Down the dusty road

Tiny specks of dust or bacteria might be a nightmare for some, especially as Hong Kong is raising its guard amid a potential pneumonia outbreak.

However, recent research has found that fears of getting sick and over-cleaning are unnecessary. In fact, dust from rural farms is anti-inflammatory and beneficial for children in preventing allergic asthma.

Between 2013 and 2016, the department of pediatrics and department of chemical pathology at the Chinese University of Hong Kong collaborated with researchers from Germany, Finland and mainland China to collect blood samples from 2,168 children in Europe, the mainland and Hong Kong.

The study found that levels of the anti-inflammatory protein TNFAIP3 in asthmatic children who live in the city were about half of those found in healthy children, levels that were unable to suppress inflammation.

They also found that dust from farm environments could stimulate TNFAIP3 levels in cells and reduce the level of genes that caused inflammation.

“Asthmatic children from both Germany and Hong Kong expressed less TNFAIP3, which resulted in an uncontrollable inflammatory status,” said Wong Chun-kwok, a professor from the department of chemical pathology. “We also confirmed that the low TNFAIP3 expression levels were presented at birth in children who had asthma by the age of 10, suggesting TNFAIP3 as a potential biomarker for asthma prediction.”

The researchers then extracted dust from rural Germany and Finland for stimulating cell samples from urban asthmatic children.

Results showed that the cells returned to normal levels of TNFAIP3, while the levels of the gene that causes inflammation were reduced.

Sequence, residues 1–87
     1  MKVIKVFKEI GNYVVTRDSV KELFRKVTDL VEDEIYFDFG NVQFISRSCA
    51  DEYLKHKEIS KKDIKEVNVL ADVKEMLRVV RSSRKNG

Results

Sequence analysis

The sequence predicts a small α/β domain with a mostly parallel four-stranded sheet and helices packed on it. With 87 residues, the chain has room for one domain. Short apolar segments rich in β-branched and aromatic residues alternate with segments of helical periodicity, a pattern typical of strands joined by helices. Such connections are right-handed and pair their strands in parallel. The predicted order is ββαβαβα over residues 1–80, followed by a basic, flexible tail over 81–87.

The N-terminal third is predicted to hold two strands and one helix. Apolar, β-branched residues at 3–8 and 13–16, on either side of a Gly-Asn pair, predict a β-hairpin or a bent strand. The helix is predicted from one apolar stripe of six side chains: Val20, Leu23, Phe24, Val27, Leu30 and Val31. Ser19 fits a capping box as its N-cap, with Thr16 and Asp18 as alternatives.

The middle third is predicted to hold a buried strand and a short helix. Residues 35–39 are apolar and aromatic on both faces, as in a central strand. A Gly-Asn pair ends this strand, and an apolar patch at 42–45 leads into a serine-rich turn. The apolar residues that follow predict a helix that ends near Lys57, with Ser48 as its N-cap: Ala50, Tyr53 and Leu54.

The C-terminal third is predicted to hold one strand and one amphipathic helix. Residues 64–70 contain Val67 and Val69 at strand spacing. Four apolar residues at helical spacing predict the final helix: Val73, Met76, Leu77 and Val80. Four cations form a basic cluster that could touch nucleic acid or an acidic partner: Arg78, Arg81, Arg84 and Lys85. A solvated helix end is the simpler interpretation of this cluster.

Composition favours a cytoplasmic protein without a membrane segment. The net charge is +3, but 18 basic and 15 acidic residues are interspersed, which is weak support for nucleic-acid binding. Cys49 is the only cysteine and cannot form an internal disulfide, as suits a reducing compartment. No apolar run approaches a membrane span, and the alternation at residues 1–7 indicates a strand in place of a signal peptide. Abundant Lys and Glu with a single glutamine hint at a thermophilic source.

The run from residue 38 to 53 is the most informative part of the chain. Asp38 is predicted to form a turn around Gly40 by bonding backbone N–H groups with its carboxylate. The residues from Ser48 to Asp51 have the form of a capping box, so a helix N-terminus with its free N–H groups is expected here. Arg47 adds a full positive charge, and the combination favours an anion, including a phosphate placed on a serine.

Gary Wong Wing-kin, a professor from the department of pediatrics, concluded that the anti-inflammatory capacities shown after the dust stimulation might indicate a potential therapeutic role for farm dust exposure.

Their findings have been published in the Journal of Allergy and Clinical Immunology. In the next phase of the study, the team will look for more dust types to confirm its role in treating asthma. “This may represent a promising future agent for asthma prevention and treatment,” said Gary Wong.

In Hong Kong, between 6,000 and 8,000 cases of asthma are admitted to public hospitals each year, with around 100 becoming fatal. Chairman of the department of pediatrics, Leung Ting-fan, also said that asthma was the most common cause of hospitalization among Hong Kong children.

Wong believes that correct diagnosis and education are crucial to treating asthma. Prevention is better than cure, and raising parents’ and children’s awareness of asthma could effectively reduce the admission rate and incidence of patients.

He said that many parents in the city are over-protective of their children by trying to prevent them from being exposed to different microbes or bacteria.

This restrains the immune system from developing healthy anti-inflammatory mechanisms, making children more susceptible to disease. Children should get in touch with nature through activities such as hiking or to raise pets to increase their immunity by exposing them to more bacteria, he advised.

(This article was published at The Standard on January 21, 2020: Education: Down the dusty road )

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